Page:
November 29, 2008 Tonda MacCharlesBruce Campion-SmithJoanna SmithOttawa Bureau
OTTAWA– Prime Minister Stephen Harper, teetering on the brink of defeat, has won himself a one-week reprieve in the face of extraordinary opposition efforts to form a coalition government to replace his minority Conservatives.
But opposition MPs appear unbowed by Harper's bid to delay their move to defeat his six-week-old government. Negotiations on the shape, form and leadership of the coalition government are expected to continue through the weekend.
In a stunning revolt just one week into the 40th Parliament, the three opposition parties revealed yesterday that formal talks were well underway to replace the minority Conservative government.
Late in the afternoon, an angry Harper was forced to publicly announce that he will delay until Dec. 8 any parliamentary vote that could topple his government. That includes a vote on a ways and means motion flowing from the government's fiscal update Thursday and a motion of non-confidence introduced by the Liberals yesterday, which had both been scheduled for Monday.
The opposition parties unanimously oppose Harper's provocative economic update, which contained billions of dollars in spending cuts, the suspension of the right to strike by public servants, a clampdown on pay equity and a small but significant reduction of public funding for political parties.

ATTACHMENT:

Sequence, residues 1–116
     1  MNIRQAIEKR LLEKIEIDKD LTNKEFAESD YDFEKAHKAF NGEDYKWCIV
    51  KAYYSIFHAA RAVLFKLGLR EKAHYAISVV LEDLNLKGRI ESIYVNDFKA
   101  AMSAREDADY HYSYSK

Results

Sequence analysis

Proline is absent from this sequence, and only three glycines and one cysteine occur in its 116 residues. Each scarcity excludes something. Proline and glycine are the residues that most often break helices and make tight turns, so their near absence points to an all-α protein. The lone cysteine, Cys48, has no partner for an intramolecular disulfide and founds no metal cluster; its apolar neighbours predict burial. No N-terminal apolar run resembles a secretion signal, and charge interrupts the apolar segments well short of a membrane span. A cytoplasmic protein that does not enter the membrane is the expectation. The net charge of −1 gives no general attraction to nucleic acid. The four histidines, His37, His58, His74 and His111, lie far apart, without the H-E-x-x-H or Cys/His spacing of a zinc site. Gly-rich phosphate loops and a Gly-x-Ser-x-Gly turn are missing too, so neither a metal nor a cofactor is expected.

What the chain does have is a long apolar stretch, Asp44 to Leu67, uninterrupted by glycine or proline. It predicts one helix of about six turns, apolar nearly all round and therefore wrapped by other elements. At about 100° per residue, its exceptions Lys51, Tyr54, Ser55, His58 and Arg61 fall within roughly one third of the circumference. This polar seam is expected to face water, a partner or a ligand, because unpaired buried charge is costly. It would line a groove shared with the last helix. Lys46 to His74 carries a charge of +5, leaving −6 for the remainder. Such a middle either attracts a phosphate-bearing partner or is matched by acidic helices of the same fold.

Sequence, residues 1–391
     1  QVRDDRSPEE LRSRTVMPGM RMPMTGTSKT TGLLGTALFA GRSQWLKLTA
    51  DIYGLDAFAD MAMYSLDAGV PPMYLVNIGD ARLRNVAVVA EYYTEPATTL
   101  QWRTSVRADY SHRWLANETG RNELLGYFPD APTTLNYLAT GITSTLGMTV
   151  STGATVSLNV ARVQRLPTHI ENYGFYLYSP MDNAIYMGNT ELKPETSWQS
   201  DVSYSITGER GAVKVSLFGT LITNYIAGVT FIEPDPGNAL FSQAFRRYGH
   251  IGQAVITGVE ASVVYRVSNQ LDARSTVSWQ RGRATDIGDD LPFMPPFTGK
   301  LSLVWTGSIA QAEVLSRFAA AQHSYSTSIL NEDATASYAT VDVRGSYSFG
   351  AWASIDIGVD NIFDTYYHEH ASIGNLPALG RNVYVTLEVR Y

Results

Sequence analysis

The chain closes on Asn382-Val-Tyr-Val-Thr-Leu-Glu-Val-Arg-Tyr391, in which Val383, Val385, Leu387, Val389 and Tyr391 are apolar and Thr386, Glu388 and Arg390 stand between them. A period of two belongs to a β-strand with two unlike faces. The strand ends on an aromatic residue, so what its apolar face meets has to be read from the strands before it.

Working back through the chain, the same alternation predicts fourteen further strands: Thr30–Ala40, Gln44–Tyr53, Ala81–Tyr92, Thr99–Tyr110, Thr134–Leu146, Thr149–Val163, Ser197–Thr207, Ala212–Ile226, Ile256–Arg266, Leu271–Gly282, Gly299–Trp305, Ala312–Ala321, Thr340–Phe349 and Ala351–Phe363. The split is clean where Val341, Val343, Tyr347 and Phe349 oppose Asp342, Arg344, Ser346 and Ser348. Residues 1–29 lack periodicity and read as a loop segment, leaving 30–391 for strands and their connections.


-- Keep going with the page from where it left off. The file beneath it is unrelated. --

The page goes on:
Harper's announcement was ostensibly made to give Canadians more time to absorb the extraordinary developments that could result in an NDP-Liberal coalition government.
It buys time for Harper to get himself out of his self-made crisis – but also allows the opposition parties time to negotiate just who will lead the "alternative" government that would be proposed to Governor General Michaëlle Jean.
One Liberal strategist said an agreement had been reached to have Liberal Leader Stéphane Dion at the helm – but that could change quickly if the Liberal leader proves a liability for a new government.
A senior Liberal added the coalition leader would not be any of the three Liberal leadership contenders – MPs Michael Ignatieff, Bob Rae and Dominic LeBlanc. The strategist also noted the Liberal caucus has not given its blessing to Dion as coalition leader and predicted the proposal could run into trouble among MPs and senators.
Dion was holed up in Stornoway yesterday and was not available for comment.
It is expected that NDP Leader Jack Layton would have a place in the new cabinet, and "various players would play different roles," an NDP official said.
The Liberals and NDP are entertaining the demands of the Bloc Québécois, which would not formally be part of a coalition, but would support it as long as Quebec's interests are met.
"We said that we won't be part of a coalition and having ministers from the Bloc; this is very clear. But we'll consider a coalition that would respect more Quebec values and interests," said Bloc leader Gilles Duceppe.
Talks between the NDP and Liberals began Thursday evening after former NDP leader Ed Broadbent and former Liberal prime minister Jean Chrétien stepped in to act as intermediaries.
Layton contacted Broadbent Thursday night to seek his counsel as a "statesman," party spokesperson Karl Belanger said, and asked him to contact Chrétien to attempt to chart a way forward.